Tanya Brinkley, who was nominated nine times to become a judge and finally won a countywide election for an open County Court seat, took her oath Friday as only the second sitting black woman on the Miami-Dade bench.
"Today I am very, very happy to be here for something that is way overdue," said Larry Handfield, who hired Brinkley as a law clerk two decades ago at the firm that would become Brinkley & Henrys.
George Knox, a former member of the Florida Bar Foundation, said of all judicial qualities, "I was struck by her patience."
County Court Judge Teretha Thomas, a 20-year veteran, is the other black female.
Handfield, who served as Brinkley's campaign treasurer, said he would never forget the first case they tried together, which ended with the charges dropped. Brinkley immediately objected.
"How dare the judge dismiss the case when I stayed up all night?" Handfield recalled her saying.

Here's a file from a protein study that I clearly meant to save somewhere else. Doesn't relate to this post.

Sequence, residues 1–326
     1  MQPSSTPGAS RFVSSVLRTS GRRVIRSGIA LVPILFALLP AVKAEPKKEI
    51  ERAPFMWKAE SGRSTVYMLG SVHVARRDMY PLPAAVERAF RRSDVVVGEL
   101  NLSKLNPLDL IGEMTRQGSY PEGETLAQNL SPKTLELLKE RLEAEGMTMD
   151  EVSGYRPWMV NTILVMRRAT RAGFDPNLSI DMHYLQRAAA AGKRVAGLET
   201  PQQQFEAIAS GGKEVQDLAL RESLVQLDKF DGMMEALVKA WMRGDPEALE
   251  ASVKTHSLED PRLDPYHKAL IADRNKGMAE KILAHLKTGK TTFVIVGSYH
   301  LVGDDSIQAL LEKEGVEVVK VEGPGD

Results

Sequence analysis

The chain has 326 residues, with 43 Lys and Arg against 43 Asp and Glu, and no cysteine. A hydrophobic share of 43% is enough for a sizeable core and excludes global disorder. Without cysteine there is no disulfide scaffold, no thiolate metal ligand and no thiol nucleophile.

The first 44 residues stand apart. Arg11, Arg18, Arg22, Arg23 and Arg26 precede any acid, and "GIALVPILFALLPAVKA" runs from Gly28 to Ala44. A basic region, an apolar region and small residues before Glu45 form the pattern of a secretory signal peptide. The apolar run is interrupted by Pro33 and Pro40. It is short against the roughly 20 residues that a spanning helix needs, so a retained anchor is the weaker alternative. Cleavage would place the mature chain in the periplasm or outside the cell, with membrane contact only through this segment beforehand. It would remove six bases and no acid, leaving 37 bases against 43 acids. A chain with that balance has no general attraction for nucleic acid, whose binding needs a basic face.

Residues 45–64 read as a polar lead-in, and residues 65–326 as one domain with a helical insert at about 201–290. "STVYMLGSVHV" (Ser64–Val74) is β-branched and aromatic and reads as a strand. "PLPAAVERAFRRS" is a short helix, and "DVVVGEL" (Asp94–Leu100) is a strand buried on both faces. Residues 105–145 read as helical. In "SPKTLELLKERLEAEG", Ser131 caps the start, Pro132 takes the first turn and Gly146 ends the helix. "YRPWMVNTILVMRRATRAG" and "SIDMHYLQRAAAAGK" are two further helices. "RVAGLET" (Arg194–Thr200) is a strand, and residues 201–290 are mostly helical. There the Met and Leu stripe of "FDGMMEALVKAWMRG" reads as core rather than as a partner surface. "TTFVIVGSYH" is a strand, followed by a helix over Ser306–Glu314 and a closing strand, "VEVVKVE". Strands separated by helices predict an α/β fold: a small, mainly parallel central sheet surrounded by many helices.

But he said the community should be embarrassed that of 123 judges, only two are black women.
"The governor ignored her time after time," Handfield said. "Thank God the people of Miami-Dade County recognized her talent."
County Court Judge Victoria del Pino, who served with Brinkley as a traffic hearing officer from 2004 to 2006, administered the oath of office.
"I'm so glad I dragged you 18 months ago to fill out the form to become a judge because this was meant to be," del Pino said.
Brinkley, who has a Jewish mother and an African-American father, used the investiture to thank her campaign supporters as well as introduce herself to her new judicial colleagues.
"I'm overwhelmingly honored to be part of such a select group," she said.